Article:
Archive for May, 2012

Favorite Lines

At first, I thought I’d blog about reading a book when you didn’t like the writing, but loved the plot. But it turns out that, apparently, I’m the only one that does that. So, what I am going to do is ask everyone to post their favorite lines. It can be from your book, a book you love, TV, movies or radio.


Huntley kept his voice low. “Try not to be so easy, m’dear. Gentlemen like a challenge.”

Opening her eyes wide, she purred, “But, don’t you remember how good it was?”

“I remember how expensive it was.

Read Full Post »

From Jane Austen’s Blog

Jane Austen's World

Since the 18th century, satirists have had a fun time mocking dandies. In Hogarth to Cruickshank: social change in graphic satire, 1967, (Walker Publishing)  Mary Dorothy George classified 3 different kinds of print-shop dandies: 1.) the notorious dandy, 2) the effeminate dandy, and 3) dandies who were slavish in their imitation of  Beau Brummel.

I would add to those categories two more distinctions: the powerful dandy and the ridiculous dandy, or one who, from behavior or social standing, is a wholly ridiculous and insignificant creature. The latter exquisites, along with the slavish imitators and effeminate dandies, were fodder for cartoonists, especially Robert and Isaac Cruikshank, who took great glee in lampooning them in a series of hand colored engravings.

According to Jane Rendell in a Pursuit of Pleasure, the word dandy may have originated from “jack-a-dandy”, a Scottish description of a person dressing up at a fair. The…

View original post 480 more words

Read Full Post »

From Angelyn’s Blog

Angelyn's Blog

Elizabeth Fox, Baroness Holland, was the daughter of a Jamaican planter.  Married off to Lord Webster, a man twenty years her senior, she gave birth to three children before falling in love with another man, bearing him a child out-of-wedlock.  Not two days divorced, she married her lover Lord Holland.

The ton could not forget her scandalous past and so declined to receive her.  No matter, Lord and Lady Holland did their own receiving, hosting the most influential men of the day at Holland House.  The few women who came were fellow Whigs, the Duchess of Devonshire and that fashionable marchioness from Berkeley Square, Lady Lansdowne.

Baroness Holland was the complete opposite of her husband.  She was gruff where he was affable, imperious when he would give way.  Long, boring discourse was not tolerated at her table–her ladyship was known to dispatch her footman to admonish the offending guest.

Thomas Moore, which this blog christened Regency Poet of Wine and Love, once said…

View original post 224 more words

Read Full Post »

From Jane Austen’s Blog.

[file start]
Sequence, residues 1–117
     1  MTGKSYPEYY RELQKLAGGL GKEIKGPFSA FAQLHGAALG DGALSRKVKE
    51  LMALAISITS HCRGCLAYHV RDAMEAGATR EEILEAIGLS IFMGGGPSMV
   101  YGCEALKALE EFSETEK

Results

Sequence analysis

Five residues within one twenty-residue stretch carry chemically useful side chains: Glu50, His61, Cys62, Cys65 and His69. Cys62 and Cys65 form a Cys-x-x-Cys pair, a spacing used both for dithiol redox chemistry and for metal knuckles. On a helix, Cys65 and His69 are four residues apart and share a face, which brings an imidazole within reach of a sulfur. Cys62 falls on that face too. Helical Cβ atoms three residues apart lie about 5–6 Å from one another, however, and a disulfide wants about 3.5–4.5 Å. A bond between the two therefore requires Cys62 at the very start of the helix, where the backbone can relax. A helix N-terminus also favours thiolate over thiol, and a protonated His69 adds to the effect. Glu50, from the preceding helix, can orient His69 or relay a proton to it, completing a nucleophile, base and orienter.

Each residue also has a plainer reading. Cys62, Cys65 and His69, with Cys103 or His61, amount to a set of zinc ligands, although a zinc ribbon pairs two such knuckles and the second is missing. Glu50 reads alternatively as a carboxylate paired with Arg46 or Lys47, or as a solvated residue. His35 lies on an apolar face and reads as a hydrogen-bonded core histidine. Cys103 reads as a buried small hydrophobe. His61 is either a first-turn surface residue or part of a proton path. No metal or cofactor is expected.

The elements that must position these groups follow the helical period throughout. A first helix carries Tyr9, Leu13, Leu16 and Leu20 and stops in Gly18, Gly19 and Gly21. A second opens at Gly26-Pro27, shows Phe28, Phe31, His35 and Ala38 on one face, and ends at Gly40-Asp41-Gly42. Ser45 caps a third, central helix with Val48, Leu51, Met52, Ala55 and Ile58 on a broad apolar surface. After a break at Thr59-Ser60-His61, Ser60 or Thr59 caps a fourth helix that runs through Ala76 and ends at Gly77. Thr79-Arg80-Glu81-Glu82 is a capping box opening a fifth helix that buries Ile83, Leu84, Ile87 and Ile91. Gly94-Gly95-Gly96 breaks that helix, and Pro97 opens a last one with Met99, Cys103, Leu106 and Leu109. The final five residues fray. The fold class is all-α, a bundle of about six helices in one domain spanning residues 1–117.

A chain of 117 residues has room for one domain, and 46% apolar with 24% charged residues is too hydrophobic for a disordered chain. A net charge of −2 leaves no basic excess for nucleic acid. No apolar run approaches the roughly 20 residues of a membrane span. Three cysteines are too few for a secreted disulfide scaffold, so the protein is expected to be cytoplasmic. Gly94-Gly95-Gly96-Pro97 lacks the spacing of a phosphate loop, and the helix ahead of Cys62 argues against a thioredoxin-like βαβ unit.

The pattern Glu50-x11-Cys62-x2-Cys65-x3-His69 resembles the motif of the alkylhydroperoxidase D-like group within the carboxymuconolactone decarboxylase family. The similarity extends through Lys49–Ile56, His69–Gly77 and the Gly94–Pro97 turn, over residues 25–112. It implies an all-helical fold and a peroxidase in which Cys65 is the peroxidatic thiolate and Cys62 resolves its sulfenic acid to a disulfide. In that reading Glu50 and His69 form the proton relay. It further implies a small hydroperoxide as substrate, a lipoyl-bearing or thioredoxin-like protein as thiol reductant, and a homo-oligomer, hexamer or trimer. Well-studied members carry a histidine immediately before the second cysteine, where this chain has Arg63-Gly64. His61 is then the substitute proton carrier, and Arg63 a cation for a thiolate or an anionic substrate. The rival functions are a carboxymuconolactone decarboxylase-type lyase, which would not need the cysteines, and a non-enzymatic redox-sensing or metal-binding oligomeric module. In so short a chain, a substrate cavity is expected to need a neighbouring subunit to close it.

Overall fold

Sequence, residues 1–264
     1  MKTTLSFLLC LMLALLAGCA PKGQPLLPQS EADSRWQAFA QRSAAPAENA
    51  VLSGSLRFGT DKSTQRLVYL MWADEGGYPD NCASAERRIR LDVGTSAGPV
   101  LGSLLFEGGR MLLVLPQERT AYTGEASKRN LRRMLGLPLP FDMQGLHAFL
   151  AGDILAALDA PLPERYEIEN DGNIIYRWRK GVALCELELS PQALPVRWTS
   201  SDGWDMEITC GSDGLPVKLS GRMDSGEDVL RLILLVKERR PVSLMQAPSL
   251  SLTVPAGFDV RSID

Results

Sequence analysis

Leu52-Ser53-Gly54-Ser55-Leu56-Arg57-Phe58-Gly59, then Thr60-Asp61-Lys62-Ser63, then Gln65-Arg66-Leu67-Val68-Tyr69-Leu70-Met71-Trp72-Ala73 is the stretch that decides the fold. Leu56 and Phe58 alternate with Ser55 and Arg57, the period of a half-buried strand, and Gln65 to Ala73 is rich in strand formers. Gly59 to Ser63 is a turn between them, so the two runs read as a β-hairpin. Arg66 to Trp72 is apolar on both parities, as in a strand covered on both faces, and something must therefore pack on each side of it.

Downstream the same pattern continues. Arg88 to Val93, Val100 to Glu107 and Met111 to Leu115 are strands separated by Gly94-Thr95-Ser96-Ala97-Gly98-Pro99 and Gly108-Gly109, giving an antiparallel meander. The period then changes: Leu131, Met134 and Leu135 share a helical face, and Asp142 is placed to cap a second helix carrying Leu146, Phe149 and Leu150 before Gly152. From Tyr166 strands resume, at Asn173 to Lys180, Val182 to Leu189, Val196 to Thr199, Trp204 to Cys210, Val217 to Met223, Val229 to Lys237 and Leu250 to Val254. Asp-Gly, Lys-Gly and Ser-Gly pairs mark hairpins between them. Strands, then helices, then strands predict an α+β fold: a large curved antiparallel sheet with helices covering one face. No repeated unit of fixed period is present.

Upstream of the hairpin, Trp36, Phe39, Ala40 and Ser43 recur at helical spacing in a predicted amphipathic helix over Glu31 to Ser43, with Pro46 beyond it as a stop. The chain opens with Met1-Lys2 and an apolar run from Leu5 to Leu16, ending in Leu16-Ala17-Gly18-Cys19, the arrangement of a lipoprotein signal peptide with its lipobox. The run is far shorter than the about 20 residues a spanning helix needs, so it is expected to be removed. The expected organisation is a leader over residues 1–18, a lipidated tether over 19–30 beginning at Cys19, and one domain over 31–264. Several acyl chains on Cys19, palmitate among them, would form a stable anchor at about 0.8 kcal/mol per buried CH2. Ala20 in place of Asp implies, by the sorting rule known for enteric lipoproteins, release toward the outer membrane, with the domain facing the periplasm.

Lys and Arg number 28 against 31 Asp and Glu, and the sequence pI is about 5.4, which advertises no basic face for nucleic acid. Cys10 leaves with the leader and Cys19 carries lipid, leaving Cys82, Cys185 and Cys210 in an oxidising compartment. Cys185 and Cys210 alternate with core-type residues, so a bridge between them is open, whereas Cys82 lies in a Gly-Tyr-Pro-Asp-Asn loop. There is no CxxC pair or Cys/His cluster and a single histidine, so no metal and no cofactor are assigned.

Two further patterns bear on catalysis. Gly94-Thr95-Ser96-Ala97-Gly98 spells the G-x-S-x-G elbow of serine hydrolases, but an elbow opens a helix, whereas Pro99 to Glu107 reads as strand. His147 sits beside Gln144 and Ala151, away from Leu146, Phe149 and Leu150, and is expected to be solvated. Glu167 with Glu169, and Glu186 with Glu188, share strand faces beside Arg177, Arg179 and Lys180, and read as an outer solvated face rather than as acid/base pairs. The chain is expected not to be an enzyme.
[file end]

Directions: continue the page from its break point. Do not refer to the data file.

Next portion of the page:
Jane Austen's World

I became acquainted with Lori Smith when she wrote her first book, A Walk With Jane Austen. Our association has continued with her new book, The Jane Austen Guide to Life. (Read my review here.) Please welcome Lori as I talk to her about her most recent writing experience. I hope to meet her, as well as many other Janeites, at the JASNA meeting in New York this fall:

Hi Lori! What were your reasons for writing this book as your follow up to A Walk With Jane Austen?

You know, I didn’t expect to write another Jane Austen book, so this book, which was actually my editor’s idea initially, came as a great gift and a surprise. It covers some of the same material as A Walk with Jane, but from a completely different viewpoint. While A Walk with Jane was so deeply personal…

View original post 664 more words

Read Full Post »

Angelyn’s Blog

Angelyn's Blog

Its turrets and gables lacked the elegance of London’s newer, Palladian town homes.  Its “relics and curios” were dusty books and historic English papers.  Its location was staid Kensington, not fashionable Mayfair.  Its mistress was not even received at court.  But this Regency seat of influence was nontheless a formidable rival to glittering Lansdowne House:

Yet great things were done at Holland House–reforms planned and accomplished, literary lions fed with appreciation and encouragement.  All the great names of that period may be found on the lists of the Holland House entertainments.

—  Charles Dickens, “Holland House,” All the Year Round, A Weekly Journal, Vol. 66, 1890

With the Regency barely on the horizon, the house was known as Cope Castle and practically a ruin when it came into the possession of Lord Henry Richard Fox, third Baron Holland.  He was a mere baby and presumably not ready to take on any renovations even though the house had an illustrious history.  Its…

View original post 281 more words

Read Full Post »

The Regency Redingote

Certainly not during the years of the English Regency. And yet, in the past couple of years, I have read perhaps a dozen novels set during the Regency in which characters select a decanter containing their alcoholic beverage of choice from a tantalus. And never once did any of these characters use a key to liberate their preferred libation from this devious device.

So, what is a tantalus, and when did it make its debut on the stage of English domestic furnishings?

View original post 816 more words

Read Full Post »

Please help me welcome multi- published author Jenna Jaxon. She is promoting her book Almost Perfect, which has been chosen as Decadant Publishing’s Read For A Cure.

Jenna, thank you so much for being here today.

Thanks for allowing me to guest for Ella! 🙂

Pirates and Romance:  Let the Fantasy Begin!


Pirates and Romance just seem to go together like love and marriage–which between the pages of a romance novel they often do.  The Pirate trope in historical romance has been around since at least the 1940s, with Daphne Du Maurier’s Frenchman’s Creek published in 1941. It has been popular, however, in earlier literature, such as Lord Byron’s The Corsair (a book-length poem that sold 10,000 copies on its release day in 1814).  Pirate tales are good business.


The pirate romance continued in popularity throughout the late 20th century and into the 21st with works such as Joanna Linday’s A Pirate’s Love, Cordia Byrus’ Pirate Royale, and Kathleen Drymon’s Pirate Moon.  These are representative only–there have been hundreds of pirate themed romances published in the last 40 years.  And countless other romance novels have had some kind of encounter with pirates.  They make great villains for the hero to protect his heroine from, and equally dashing heroes, sailing the seas in search of adventure.